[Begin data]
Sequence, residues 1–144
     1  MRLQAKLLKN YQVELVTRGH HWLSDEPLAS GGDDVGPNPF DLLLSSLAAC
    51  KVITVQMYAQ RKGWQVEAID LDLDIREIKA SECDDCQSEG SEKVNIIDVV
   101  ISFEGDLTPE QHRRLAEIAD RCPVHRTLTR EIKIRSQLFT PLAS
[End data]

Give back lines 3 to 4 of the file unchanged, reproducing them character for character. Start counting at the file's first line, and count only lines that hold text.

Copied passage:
    51  KVITVQMYAQ RKGWQVEAID LDLDIREIKA SECDDCQSEG SEKVNIIDVV
   101  ISFEGDLTPE QHRRLAEIAD RCPVHRTLTR EIKIRSQLFT PLAS